Mental dexterity is the ability to think quickly and adapt to new situations. It involves cognitive processes such as problem-solving, decision-making, attention, and memory. When you have good mental dexterity, you’re able to process information efficiently, make decisions effectively, and respond to changing circumstances with ease. Those with strong mental dexterity are flexible thinkers and not over-thinkers. 

Quickness of Thought

One aspect of mental dexterity is quickness of thought. This refers to the ability to process information rapidly and respond to it in a timely manner. Quickness of thought is essential in many areas of life, from sports to business to social interactions. When you’re able to think quickly and respond to situations on the fly, you may be more likely to succeed.

Executive Functioning and Mental Dexterity

Executive functioning is another key component of mental dexterity. We have broken down executive function in several posts on the site, and you can check them out here:

The executive functions include a set of cognitive processes that enable us to plan, organize, and carry out tasks. When our executive functioning is strong, we’re able to prioritize tasks, manage our time effectively, and make decisions based on our goals and values.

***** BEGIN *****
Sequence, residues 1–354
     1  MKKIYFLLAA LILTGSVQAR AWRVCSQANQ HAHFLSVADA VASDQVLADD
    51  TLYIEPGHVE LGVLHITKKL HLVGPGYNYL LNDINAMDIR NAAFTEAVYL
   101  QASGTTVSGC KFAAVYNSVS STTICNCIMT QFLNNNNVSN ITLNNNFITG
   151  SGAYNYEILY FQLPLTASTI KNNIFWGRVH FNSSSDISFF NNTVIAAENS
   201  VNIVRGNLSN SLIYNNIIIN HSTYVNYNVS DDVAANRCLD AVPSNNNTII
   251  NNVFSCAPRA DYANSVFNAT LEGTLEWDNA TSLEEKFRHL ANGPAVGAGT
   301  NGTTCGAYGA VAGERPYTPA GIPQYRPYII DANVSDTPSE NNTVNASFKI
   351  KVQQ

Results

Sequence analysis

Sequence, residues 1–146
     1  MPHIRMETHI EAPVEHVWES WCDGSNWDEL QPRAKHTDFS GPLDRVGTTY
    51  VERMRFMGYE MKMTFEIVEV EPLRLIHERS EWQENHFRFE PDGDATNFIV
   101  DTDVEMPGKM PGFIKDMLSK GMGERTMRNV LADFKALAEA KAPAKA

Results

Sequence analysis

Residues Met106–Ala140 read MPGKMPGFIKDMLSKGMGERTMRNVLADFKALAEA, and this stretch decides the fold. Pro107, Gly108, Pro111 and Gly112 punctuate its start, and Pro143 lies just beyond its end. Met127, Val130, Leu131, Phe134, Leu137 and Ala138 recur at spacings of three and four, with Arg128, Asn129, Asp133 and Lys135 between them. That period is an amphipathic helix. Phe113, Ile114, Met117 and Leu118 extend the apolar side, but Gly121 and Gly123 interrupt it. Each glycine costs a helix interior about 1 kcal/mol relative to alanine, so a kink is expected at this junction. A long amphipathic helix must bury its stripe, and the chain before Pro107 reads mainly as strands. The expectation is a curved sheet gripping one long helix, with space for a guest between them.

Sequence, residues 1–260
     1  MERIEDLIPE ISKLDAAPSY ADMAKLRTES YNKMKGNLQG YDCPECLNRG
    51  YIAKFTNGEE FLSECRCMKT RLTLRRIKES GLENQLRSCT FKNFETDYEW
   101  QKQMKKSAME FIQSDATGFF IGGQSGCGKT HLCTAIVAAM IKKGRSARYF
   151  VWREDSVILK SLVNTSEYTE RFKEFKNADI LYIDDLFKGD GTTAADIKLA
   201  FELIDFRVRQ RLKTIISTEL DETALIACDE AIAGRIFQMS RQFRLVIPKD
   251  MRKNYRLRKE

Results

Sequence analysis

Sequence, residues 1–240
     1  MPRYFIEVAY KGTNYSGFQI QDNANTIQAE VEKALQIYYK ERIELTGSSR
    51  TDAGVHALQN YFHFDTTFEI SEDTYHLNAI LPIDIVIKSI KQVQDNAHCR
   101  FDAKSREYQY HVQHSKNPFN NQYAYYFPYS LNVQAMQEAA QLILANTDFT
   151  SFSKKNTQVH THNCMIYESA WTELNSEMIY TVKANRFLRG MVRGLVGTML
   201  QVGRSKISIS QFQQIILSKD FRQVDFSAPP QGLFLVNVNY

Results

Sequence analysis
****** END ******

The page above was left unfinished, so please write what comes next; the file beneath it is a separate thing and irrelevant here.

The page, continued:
There are several key components of executive functioning that impact mental dexterity, including:

Working memory: the ability to hold information in your mind, keeping it readily accessible 

Inhibition: the ability to control your impulses and resist distractions

Task initiation: the ability to start a task efficiently without excessive procrastination

Planning and organization: the ability to develop a plan and carry it out in a systematic way

Selfmonitoring: the ability to reflect on your performance and make adjustments as needed

improve mental dexterity

How to Improve Mental Dexterity

Brain fog is a common experience for many people, but improving mental dexterity is possible.

Brain fog in ADHD or brain fog in teens is not an actual medical condition, but rather, a way to describe an experience that often pairs with other factors. It can be caused by a variety of factors, including stress, lack of sleep, and the result of certain medications. When you’re experiencing brain fog, it can be challenging to maintain mental dexterity and quickness of thought. 

Fortunately, there are several strategies you can use to improve mental dexterity and boost your brainpower:

Get enough sleep: Aim for at least 7-8 hours of sleep per night to help your brain recharge and function at its best. Sleep hygiene is important for all ages.

If you have trouble sleeping, try shifting habits in your nightly routine. The American Academy of Sleep Medicine recommends several tips to help you get the sleep your brain needs, including keeping a consistent sleep/wake schedule and only using your bed for sleeping. Bedtime relaxation strategies are one tool to use to help with falling and staying asleep.

Practice mindfulness: Mindfulness exercises such as deep breathing, journaling, and meditation can help calm your mind and improve your focus.

To start out on a mindfulness journey, try asking friends or family what works for them. Watch videos or read books on small ways to introduce mindfulness into your daily routine. Add journaling to your morning coffee or observe the world around you through your senses when you are walking your dog. 

Exercise regularly: Physical activity has been shown to improve cognitive function and reduce brain fog.